Maitreya Mountain Village



In Jung's classic book, Psychology and Alchemy he describes the opus as a work of imagination; an authentic accomplishment of thought. Thomas Moore called opus "the process of working the stuff of the soul, objectified in natural materials. For us, our work in permaculture is an extension and reflection of ourselves.

What is Permaculture
Permaculture is a comprehensive term that was coined by Australia's Bill Mollison in the 1970's. The permaculture Movement invites you to transform yourself, your community, your surroundings and your world-view into a symbiotic, cooperative whole; a place where we can all evolve in health and joy within the natural ecosystems.  Maitreya Mountain Village (MMV) is committed to providing experience, guidance, and leadership for those who desire a life of ever-deepening relationship with every creature, element, and energy on the planet.

The permaculture method, which we engage here at MMV, is observation, evaluation, design and implementation of our living into natural systems. Our village uses passive solar, earth-sheltering, and gray-water systems. Green building methods prefer locally sourced, non-toxic, natural materials. Composting stations, earth-sheltered buildings, gardens, and animals are incorporated to supply most, or all, of its residents nutritional needs as well as renew the soil and landscape. All of this is engineered to minimize the ecological footprint we leave on the world as we strive for a high-level functioning, zero-waste, holistic way of living.  In saying all this, please read We Are NOT Pure


Some key concepts of Permaculture that we like:

Ecological foot-print
A measure of human demand on the Earth's ecosystems and natural resources. It compares human consumption of natural resources with planet Earth's ecological capacity to regenerate them.

Embodied Energy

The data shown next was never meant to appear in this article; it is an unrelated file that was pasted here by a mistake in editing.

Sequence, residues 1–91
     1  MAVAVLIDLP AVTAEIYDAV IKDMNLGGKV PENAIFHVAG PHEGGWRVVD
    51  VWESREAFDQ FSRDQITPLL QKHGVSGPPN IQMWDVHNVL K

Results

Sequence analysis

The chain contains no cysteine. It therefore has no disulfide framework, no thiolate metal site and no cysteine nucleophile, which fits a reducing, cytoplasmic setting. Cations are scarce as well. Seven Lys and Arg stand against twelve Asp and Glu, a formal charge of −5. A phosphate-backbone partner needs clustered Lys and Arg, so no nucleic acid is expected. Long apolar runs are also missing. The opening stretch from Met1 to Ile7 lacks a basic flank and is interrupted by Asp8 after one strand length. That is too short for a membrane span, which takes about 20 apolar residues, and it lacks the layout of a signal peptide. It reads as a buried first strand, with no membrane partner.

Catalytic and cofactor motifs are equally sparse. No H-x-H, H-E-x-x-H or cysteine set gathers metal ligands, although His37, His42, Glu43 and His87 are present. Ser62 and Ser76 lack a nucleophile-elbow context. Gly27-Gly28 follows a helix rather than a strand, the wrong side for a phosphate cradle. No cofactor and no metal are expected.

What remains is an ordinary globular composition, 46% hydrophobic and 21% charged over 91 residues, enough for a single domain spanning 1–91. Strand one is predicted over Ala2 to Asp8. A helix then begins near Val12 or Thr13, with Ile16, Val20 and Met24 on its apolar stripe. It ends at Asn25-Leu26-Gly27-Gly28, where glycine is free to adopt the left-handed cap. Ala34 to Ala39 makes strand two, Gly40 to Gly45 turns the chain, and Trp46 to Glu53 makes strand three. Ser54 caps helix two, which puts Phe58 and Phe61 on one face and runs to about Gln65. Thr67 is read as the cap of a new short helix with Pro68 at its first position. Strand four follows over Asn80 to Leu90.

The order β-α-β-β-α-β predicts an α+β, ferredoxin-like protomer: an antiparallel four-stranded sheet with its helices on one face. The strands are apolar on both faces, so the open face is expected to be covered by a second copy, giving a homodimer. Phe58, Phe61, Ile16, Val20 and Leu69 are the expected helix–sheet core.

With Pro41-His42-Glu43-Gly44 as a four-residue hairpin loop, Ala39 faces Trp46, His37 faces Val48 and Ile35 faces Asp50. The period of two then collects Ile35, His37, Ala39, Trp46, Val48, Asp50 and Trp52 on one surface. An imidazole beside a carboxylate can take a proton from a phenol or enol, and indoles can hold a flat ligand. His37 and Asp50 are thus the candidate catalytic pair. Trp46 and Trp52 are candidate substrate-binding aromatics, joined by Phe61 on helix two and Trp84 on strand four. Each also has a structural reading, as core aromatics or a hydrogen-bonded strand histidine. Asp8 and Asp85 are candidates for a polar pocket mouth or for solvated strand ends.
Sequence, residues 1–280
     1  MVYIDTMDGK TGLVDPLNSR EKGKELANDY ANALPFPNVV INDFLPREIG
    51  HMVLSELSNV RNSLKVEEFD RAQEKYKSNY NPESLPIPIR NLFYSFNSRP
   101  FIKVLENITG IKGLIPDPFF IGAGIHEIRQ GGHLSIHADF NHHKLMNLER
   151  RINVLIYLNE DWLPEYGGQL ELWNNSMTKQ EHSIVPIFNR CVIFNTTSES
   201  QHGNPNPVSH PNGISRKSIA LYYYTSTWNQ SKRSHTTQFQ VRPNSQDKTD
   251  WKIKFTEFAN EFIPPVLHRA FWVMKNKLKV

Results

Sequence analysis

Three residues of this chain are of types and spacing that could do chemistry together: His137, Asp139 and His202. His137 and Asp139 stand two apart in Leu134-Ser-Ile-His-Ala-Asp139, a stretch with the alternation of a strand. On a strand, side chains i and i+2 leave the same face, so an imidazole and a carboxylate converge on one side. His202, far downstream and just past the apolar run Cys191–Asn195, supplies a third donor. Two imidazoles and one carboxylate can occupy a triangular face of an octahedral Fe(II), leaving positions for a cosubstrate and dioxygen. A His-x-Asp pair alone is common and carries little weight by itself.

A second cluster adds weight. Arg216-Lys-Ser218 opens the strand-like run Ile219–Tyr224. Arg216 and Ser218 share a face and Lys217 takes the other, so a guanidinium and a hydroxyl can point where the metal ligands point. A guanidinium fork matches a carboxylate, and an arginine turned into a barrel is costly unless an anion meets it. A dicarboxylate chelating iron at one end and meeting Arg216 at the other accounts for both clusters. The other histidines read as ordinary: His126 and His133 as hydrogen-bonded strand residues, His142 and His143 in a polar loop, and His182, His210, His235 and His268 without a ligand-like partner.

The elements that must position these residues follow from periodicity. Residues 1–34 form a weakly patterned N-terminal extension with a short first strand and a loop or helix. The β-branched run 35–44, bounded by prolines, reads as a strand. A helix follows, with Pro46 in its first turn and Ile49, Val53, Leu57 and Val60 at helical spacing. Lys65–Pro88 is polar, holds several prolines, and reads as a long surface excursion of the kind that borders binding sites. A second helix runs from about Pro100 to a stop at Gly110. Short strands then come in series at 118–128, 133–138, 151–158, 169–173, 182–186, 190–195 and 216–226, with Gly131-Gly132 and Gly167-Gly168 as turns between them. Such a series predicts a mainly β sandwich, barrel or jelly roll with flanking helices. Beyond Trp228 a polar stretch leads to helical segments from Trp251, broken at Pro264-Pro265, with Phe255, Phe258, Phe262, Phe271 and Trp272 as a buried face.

The total energy expended to produce a material, transport it to the point of use, and install it. This can be complicated and exhaustive to accurately calculate; i.e. energy used to used to create the machinery used in mining, harvesting, molding and otherwise processing all of the elements of the various materials, down to the energy used to produce the lunches for the truck drivers, and installers, etc who handle it at various stages.

Permaculture home builders are sensitive to the environmental impact of the construction materials they select, and a material’s embodied energy is an important selection criteria.

The idea that all the properties of a given system cannot be determined or explained by its component parts alone. It is an approach to human health and life that emphasizes the consideration and integration of emotional, mental, spiritual, and physical elements in its context.

Organic farming
A form of agriculture that excludes the use of synthetic fertilizers and pesticides, plant growth regulators, livestock feed additives, and genetically modified organisms. As far as possible, organic farmers rely on crop rotation, green manure, compost, biological pest control, and mechanical cultivation to maintain soil productivity and control pests.

Humanity’s investment in a system of living, projected to be viable on an ongoing basis that provides quality of life for all individuals of sentient species and preserves natural ecosystems. Sustainability in its simplest form describes a characteristic of a process or state that can be maintained at a certain level indefinitely. The term, in its environmental usage, refers to the potential longevity of vital human ecological support systems, such as the planet's climatic system, systems of agriculture, industry, forestry, fisheries, and the systems on which they depend.

Thermal mass
A mass of material used to store heat. Specific heat is the measure of material’s capacity to hold heat. Among building materials, brick, stone, concrete and adobe have similar specific heats and are often used as thermal mass. Permaculture design engineers thermal mass in a way to heat and cool the home efficiently and comfortably.

A philosophy that aims to guide people in the redesign of their resource-use system with the aim of reducing waste to zero. Put simply, zero waste is an idea to extend the current ideas of recycling to form a circular system where as much waste as possible is reused, similar to the way it is in nature..